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Lethbridge Herald Newspaper Archives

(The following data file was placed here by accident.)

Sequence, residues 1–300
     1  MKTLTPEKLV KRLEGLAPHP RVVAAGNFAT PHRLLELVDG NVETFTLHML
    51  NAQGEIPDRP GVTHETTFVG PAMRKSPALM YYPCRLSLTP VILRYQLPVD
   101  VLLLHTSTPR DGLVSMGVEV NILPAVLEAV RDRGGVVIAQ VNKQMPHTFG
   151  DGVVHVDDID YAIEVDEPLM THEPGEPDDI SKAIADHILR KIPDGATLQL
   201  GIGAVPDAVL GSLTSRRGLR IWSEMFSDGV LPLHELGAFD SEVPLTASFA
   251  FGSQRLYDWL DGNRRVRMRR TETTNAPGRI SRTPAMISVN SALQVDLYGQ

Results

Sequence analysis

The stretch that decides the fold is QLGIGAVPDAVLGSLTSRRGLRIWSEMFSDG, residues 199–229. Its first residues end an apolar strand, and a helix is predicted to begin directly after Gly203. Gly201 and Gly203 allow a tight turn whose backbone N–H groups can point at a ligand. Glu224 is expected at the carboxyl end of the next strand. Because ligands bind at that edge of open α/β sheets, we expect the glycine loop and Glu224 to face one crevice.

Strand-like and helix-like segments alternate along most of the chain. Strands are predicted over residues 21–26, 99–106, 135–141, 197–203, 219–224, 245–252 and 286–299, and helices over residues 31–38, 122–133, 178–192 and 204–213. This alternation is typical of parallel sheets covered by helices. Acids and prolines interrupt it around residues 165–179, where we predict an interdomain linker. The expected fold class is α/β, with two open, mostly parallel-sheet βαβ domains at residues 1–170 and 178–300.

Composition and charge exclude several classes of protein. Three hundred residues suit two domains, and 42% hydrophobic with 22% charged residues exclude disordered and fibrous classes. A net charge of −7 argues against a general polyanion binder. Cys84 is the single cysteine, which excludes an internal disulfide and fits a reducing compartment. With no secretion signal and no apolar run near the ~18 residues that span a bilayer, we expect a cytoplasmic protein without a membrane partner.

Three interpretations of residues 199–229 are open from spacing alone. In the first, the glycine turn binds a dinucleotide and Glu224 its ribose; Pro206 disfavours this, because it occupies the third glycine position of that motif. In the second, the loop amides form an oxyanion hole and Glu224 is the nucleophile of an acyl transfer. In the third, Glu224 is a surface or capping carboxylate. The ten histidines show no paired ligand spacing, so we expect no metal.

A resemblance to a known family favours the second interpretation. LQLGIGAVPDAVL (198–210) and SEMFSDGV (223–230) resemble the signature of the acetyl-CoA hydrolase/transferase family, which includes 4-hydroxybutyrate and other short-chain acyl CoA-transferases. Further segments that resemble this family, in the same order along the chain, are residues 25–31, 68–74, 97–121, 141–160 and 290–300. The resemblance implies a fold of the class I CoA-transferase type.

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Lethbridge Herald, The (Newspaper) - August 30, 1973, Lethbridge, Alberta 'That black muck contains corrosive sulphur9 Cleaning craze sweeps U.K. By MARGARET THOREN Christian Science Monitor England An American tourist has labelled his slides on London land- Study in Comparative English Scaffolding. Most of his subjects are un- dergoing a major one of the most recent being the Victorian Law Court at the top of Fleet Street. Ten years about 5 million pounds was spent on external cleaning and restora- tion in England. Now the figure has doubled of this being spent in and the cleaning craze is still running strong. There has not been the op- position in London that France's Minister of Culture Andre Malraux had to buck in 1959 when he revived the 1852 law requiring that major buildings in Paris be washed down every ten thus beginning the first major cleaning campaign in Europe. The French initiative arous- ed complaints about the removal of the of cen- its results were enough to inspire the then Ministry of Works in Bri- tain to begin its own clean-up campaign in 1966. In 1972 the British Govern- ment offered a year-long in- centive program called Operation which in- cluded grants for cleaning and restoring that resulted in a flood of applications. The first buildings cleaned were those of some architec- tural merit. But now many companies are seeing clean- ing as a form of structural preservation. That black muck contains corrosive sul- phur derivations that begin to dissolve granite within 10 years. The biggest difficulty is finding and training workmen. The major London cleaning companies offer appren- ticeships. But skilled men are hard to come by even at a week and usually much more. Nor is the basic sand and water treatment cheap. London Stone Cleaning and which advised the estimates that a four-storey building can be done for as little as 300 pounds but the price is much more likely to come to five figures. The department of the en- vironment will have spent nearly 1 million pounds in London alone by the time it has reached the end of its list. Next on that list are the Houses of the Tate and the Victoria and Albert with the British Museum thrown in for good measure. IF MAN BITES DOG IS WHAT ABOUT MAN CARRIES It's no problem at all for Rayford Ely of who owns eight of the tiniest horses in the each less than 100 pounds and two and one-half feet high at the shoulder. You don't ride horses like this but they make fine pets. De- scended from stock developed by French and Spanish royalty in the 16th the mini- horses are rated much more intelligent than their larger kin. by John Spic and span London's Victorian law courts take on new luster. Back-to-school Special 24 Eagle colouring pencils. ft A lot of people have been drinking your whisky. The 8 people in this photograph can stop production at Tradition's distillery. And not even the President can budge them. while supply lasts. It is no joke. There are 3 teams of people at Tradition's distillery and they have almost legendary power. The power of taste. With it they can stop cases of whisky from ever reaching you. You we have spent a lot of time and money getting Tradition to taste the way it does. mellow. As we Canadian you can taste But making a great whisky is no great feat. Most Canadian distilleries make very good whisky. The problem is making great day after day. Bottle after bottle. Sip after sip. Pity the single blender. At scnemey we think it s inhuman to give one man the responsibility of deciding on the maintenance of day after day. The food he his his habits all contrioute in some ways to his perception of taste. And a certain taste is not something you can tap with a hammer. You can't see taste. You can't feel taste. You can only taste taste. And this is why Schenley has developed the3-team method of whisky tasting. The First Second Team and the This whisky his passed the losls of the Schenley Tradition Tasle Teams is guaranteed to carry the true Tradition taste. signed by these people. .Jiinartian Schenley Distilleries No other Canadian whisky is signed as Training Team. can reach you until it Manufacturer's suggested A fistful of colours. Red. Magenta. Green. Blue. Vermilion. And more. The 24 Eagle colouring pencils have a manufacturer's suggested retail price of but you can get them for only with a gasoline purchase at Gulf stations displaying the coloured pencil sign. Offer expires September 1973 Or when supplies are exhausted. Not one drop of Schenley Tradition reach you until it has passed the critical palates of our taste teams. Not a drop. It does not matter if a production man howls about schedules. It does not matter if an execu- tive says through clenched close If it isn't it isn't Tradition. Pictured here are some of our First Team members as of March 1973. Each member has earned his position by recording consis- tently high averages in taste tests. But none is secure. In the members of the Second Team wait. And be- hind a team of rookies The Training Team. All of this is based on the fact that we believe Tradition is a great-tasting whisky. And we'd like to keep it that way. Behind the label of each bottle of Schenley you'll find the signatures of the two who approved that particular blend of whisky. It means you're about to enjoy Tradition. Not something close to it. We think you'll enjoy Schenley Tradition. Probably the most thoroughly taste-tested whisky in the country. Schenley Tradition. signed TRADITION CrUlHdiiin DiMillorh.'S I Irl CiHohr.'iliiKj Ihr POlh ol IheC'.in.idun Avttirds ;